Monday, July 20, 2020

Newest Prairie Stars meet through virtual KickStart

KickStart Orientation is a UIS staple in preparing new Prairie Stars for a transition from home to campus. Because of the COVID-19 pandemic, this year's orientation transitioned to an all-online format, and according Lisa McGuire, director of New Student Orientation and Parent Relations, it has been successful. 

Behind the scenes, McGuire and her team of experienced orientation leaders worked fast to attend webinars and trainings on how to take their programming online. They were guided by schools who had years of experience in online orientations.

“The National Orientation Directors’ Association was a great place for sharing ideas on how larger schools do online orientation or have components of it online. It was like having 3000 colleagues sharing resources to help with online development,” McGuire said.

McGuire used the university’s new learning management system, Canvas, to build orientation modules introducing new Prairie Stars to academic advising and expectations, financial information, student success, living on campus and technology. An optional module on student life and opportunity fairs was also available. KickStart attendees begin with a 90-minute online Zoom that includes an introduction to McGuire and her team; they then are placed in breakout rooms with other students and orientation leaders like UIS senior Libby Price.

“The whole point of summer orientation is to get to know each other, which is a little harder on Zoom, but we’re getting there,” Price said. “We have several ice breakers that help students get comfortable in a group and we allow them to share their thoughts and feelings anonymously on going to college.”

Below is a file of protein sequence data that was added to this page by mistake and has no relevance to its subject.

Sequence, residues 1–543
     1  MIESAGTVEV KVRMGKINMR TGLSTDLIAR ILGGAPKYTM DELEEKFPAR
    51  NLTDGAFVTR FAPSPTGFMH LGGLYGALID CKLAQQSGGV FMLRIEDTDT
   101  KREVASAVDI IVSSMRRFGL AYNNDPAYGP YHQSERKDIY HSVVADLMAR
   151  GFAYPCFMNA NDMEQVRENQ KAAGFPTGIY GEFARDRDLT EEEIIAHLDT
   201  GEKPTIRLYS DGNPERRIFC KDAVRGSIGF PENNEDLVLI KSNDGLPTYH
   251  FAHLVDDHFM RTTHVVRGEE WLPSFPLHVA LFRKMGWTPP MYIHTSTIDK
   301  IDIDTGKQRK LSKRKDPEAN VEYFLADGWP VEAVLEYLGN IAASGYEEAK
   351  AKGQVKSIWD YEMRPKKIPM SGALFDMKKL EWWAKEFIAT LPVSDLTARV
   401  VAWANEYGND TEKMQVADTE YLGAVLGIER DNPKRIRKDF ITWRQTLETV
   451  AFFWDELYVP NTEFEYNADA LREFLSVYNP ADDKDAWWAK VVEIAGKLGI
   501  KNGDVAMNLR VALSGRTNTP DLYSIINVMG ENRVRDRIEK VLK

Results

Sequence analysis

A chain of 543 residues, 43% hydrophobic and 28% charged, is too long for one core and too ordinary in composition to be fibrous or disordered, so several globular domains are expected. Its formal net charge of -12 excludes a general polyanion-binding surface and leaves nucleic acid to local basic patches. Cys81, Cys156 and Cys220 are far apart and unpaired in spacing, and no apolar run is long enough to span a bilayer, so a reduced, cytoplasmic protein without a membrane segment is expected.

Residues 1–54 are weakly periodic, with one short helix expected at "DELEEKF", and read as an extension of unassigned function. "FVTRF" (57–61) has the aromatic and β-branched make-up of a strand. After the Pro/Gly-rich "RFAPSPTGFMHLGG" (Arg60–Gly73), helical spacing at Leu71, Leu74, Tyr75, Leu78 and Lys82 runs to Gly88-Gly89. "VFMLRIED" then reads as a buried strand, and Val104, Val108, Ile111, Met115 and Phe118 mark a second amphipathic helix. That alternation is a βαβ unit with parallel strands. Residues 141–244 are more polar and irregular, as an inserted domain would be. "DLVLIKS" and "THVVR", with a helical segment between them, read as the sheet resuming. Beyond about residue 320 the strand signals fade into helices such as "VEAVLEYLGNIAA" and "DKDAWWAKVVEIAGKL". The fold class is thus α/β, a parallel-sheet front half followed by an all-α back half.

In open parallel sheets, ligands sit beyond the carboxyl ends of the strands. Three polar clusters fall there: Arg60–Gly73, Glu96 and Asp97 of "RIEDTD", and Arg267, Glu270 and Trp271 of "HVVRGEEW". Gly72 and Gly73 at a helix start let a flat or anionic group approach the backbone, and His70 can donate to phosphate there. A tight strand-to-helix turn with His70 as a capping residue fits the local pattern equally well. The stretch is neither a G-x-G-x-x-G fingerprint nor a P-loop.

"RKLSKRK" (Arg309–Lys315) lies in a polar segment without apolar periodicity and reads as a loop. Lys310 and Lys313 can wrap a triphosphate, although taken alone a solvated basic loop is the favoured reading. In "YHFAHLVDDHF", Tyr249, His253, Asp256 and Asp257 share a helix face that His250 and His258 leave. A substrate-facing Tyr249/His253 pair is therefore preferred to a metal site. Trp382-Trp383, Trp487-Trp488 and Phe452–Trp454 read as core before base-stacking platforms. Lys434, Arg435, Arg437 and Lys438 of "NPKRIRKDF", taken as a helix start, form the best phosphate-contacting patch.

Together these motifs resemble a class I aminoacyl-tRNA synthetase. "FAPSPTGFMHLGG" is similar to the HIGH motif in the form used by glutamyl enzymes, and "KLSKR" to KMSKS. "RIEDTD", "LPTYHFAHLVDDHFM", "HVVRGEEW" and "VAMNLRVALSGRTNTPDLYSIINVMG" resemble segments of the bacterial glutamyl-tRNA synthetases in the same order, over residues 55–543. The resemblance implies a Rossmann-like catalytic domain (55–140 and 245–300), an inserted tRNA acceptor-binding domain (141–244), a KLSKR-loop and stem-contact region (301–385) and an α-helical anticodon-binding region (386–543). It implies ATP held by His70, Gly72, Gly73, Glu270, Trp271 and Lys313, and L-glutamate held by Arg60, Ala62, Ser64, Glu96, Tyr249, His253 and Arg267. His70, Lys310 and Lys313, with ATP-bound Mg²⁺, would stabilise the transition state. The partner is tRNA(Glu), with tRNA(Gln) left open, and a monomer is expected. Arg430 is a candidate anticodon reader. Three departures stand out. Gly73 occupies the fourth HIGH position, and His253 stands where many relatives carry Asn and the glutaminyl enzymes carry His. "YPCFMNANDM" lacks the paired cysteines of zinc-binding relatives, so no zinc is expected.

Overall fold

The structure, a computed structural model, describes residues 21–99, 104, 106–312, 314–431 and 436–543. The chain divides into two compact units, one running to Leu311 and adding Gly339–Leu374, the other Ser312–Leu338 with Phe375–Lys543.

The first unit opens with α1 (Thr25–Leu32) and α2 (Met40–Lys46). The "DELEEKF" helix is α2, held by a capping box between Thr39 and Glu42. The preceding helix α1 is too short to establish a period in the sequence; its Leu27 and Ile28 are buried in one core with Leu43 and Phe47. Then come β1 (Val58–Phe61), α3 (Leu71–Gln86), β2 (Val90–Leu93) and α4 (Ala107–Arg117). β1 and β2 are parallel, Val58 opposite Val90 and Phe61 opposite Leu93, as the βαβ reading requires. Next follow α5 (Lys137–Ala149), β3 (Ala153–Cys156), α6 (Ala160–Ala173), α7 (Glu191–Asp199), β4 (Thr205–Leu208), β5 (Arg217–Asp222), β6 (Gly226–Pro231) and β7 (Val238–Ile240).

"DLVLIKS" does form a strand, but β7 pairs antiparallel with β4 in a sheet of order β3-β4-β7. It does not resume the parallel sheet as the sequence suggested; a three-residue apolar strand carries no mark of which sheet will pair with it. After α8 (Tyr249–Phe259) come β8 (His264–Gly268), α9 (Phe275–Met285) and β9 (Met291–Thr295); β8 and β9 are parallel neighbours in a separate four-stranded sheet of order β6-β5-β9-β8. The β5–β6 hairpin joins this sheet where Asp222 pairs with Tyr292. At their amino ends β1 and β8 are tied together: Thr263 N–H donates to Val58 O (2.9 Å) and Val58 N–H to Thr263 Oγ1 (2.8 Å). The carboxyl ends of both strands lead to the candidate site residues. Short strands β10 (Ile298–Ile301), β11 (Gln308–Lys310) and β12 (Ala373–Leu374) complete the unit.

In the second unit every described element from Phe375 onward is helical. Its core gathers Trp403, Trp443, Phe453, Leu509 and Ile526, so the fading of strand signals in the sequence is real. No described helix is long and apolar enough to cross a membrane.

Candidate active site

McGuire said with the change to online format, she was not able to hire all of her orientation leaders back, but those who are working, like Price, have gone above and beyond making the experience special for incoming freshmen.

“It is our job to create that first sense of community, engagement and relationship building,” said McGuire. "We are missing the in-person component, especially the evenings -- that’s where relationships develop -- but our orientation leaders are going above and beyond to keep these new students in contact with each other. They are hosting extra activities like trivia nights each week where new students can log in, trying to create those experiences and maintain those interactions.”

McGuire admits it was a lot of work to transition KickStart to an online format, but it was worth the effort.

“An online version of KickStart had been on our back-burner for a while,” McGuire said. “This year it became a front burner project.”

McGuire also credits the many faculty and staff who helped in the success of the transition and created content through videos and Google slides to share information or experiences with new students. 

And even when things go back to normal, and KickStart can return to an in-person format, McGuire said she plans to maintain some of the online components she worked so hard to build. “There are more things we can look at, things we can do online to create a richer experience in a shorter time and be mindful of costs,” she said.

New students will have one final Kickstart module available to them closer to move-in day which will give them the latest information on plans for move-in and health checks.

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